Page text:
Palantir stock is part of a list of luxury items the US government says were caught up in Malaysia's massive 1MDB scandal.
The US government has filed a lawsuit asking to take ownership of 2.5 million shares of preferred Palantir stock that were allegedly caught up in Malaysia's massive 1MDB scandal.
On Thursday, the US Department of Justice filed a lawsuit to nab a huge assortment of assets, including some of Palantir's stock. The government says these items were bought with allegedly stolen money from Malaysia 1Malaysia Development Berhad fund (1MDB).
The 1MDB fund was set up by Malaysian Prime Minister Najib Razak in 2009 to promote economic development. However, US authorities allege that between 2009 and 2014, billions of dollars were stolen from the fund by multiple people and then used to buy all sorts of things.
This money was allegedly used "to purchase luxury real estate in the United States and overseas, pay gambling expenses at Las Vegas casinos, acquire more than $200 million in artwork, purchase lavish gifts for family members and associates, invest in a major New York real estate development project, and fund the production of major Hollywood films," the complaint says.
On Thursday, the Justice Department released a list of specific items it is asking the court to turn over to the government. This includes 2.5 million shares of Palantir, originally purchased for $2 million, according to the court filings. The stock was part of Palantir's $90 million series D venture capital investment back in June 2010, and was purchased at 80 cents a share, the documents said.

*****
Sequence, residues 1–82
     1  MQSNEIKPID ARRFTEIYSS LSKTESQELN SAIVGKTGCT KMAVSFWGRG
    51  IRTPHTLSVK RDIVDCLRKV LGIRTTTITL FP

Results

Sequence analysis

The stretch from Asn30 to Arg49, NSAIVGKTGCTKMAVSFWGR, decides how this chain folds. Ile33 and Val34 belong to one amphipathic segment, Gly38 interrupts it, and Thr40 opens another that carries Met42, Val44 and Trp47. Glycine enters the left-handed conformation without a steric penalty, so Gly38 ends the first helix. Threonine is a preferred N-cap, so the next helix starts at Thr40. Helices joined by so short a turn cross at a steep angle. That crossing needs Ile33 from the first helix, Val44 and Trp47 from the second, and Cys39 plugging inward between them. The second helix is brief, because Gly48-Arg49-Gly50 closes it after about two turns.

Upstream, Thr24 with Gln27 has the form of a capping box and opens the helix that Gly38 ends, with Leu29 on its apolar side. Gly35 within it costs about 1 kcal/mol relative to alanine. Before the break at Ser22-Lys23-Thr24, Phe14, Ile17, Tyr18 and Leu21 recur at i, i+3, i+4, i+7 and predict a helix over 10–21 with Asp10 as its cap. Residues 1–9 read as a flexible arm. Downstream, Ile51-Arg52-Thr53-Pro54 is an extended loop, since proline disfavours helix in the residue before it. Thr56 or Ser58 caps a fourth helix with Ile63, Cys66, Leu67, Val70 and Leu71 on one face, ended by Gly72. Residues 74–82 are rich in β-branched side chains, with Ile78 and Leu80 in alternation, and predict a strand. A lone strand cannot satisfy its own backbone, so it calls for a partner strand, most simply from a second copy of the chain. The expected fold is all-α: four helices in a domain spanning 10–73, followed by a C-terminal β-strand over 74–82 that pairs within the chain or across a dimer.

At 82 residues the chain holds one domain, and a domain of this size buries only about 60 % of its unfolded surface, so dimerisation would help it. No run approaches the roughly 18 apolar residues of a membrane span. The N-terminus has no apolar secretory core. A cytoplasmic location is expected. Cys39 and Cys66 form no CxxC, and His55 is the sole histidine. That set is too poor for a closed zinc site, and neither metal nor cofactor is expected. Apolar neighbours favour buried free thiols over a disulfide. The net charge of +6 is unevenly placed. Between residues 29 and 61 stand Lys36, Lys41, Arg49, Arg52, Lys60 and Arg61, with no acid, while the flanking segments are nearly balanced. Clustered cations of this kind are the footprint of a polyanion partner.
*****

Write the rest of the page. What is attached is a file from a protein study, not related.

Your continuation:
Palantir is a high-profile Valley startup valued at more than $20 billion. It makes software used by companies and governments to sift through massive amounts of data. It was cofounded by billionaire tech VC Peter Thiel and others and is still a private company, meaning the stock isn't openly available for anyone to buy.
Palantir is not being accused of any wrongdoing in this suit and it's not the only stock named. The US government also alleges that, through the creation of shell companies, the money was invested in various private equity funds as well as used to buy stock in indoor cycling company Flywheel Studios.
But most of the assets the government is seeking to nab in this lawsuit sounds like the catalog of a billionaire's life:
If the court agrees that the property should be forfeited, including the Palantir stock, the government will own it, at least at first, says Thom Mrozek, a spokesperson for the US Attorney’s Office, Central District of California.
"We are seeking to forfeit the assets identified in the lawsuit (this is different from “seizing” property). The forfeiture lawsuits allege that the various assets were purchased with funds that had been laundered, and most of those funds originally were misappropriated from 1MDB. If the government prevails in the forfeiture lawsuits, the United States essentially becomes the owner of the property. We would then do whatever is appropriate and possible to return them to benefit the people who were harmed in the first place."
Palantir did not immediately respond to a request for comment.